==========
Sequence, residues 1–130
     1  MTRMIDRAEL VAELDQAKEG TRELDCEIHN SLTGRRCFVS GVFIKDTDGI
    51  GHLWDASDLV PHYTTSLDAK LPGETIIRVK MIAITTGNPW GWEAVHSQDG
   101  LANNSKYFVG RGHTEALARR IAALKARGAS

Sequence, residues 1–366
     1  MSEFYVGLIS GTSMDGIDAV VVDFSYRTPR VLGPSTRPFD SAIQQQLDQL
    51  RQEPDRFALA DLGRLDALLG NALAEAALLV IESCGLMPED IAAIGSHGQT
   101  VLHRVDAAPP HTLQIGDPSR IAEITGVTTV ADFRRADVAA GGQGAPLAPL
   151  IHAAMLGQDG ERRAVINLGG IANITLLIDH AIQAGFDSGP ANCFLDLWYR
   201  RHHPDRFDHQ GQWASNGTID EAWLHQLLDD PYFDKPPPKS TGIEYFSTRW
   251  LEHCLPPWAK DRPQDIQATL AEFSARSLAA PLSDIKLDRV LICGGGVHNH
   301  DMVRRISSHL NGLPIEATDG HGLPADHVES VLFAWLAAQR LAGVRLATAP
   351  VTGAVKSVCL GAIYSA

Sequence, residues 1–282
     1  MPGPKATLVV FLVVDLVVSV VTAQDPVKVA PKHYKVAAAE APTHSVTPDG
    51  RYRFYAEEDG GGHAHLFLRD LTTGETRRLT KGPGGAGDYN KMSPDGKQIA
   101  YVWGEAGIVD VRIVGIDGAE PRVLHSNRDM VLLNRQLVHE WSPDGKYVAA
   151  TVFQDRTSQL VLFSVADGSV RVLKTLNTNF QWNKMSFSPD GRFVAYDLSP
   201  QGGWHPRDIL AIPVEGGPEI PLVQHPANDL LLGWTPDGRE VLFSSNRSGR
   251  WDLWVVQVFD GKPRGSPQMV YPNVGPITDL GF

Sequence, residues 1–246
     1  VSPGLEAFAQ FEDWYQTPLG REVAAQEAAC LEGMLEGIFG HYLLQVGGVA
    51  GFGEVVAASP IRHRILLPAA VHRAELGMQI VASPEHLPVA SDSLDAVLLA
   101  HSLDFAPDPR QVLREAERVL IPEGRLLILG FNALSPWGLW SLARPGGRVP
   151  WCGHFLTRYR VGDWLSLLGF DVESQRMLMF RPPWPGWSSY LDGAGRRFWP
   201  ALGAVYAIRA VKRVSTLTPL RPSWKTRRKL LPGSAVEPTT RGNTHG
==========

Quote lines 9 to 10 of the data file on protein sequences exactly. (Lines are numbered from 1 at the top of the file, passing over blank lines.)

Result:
   151  IHAAMLGQDG ERRAVINLGG IANITLLIDH AIQAGFDSGP ANCFLDLWYR
   201  RHHPDRFDHQ GQWASNGTID EAWLHQLLDD PYFDKPPPKS TGIEYFSTRW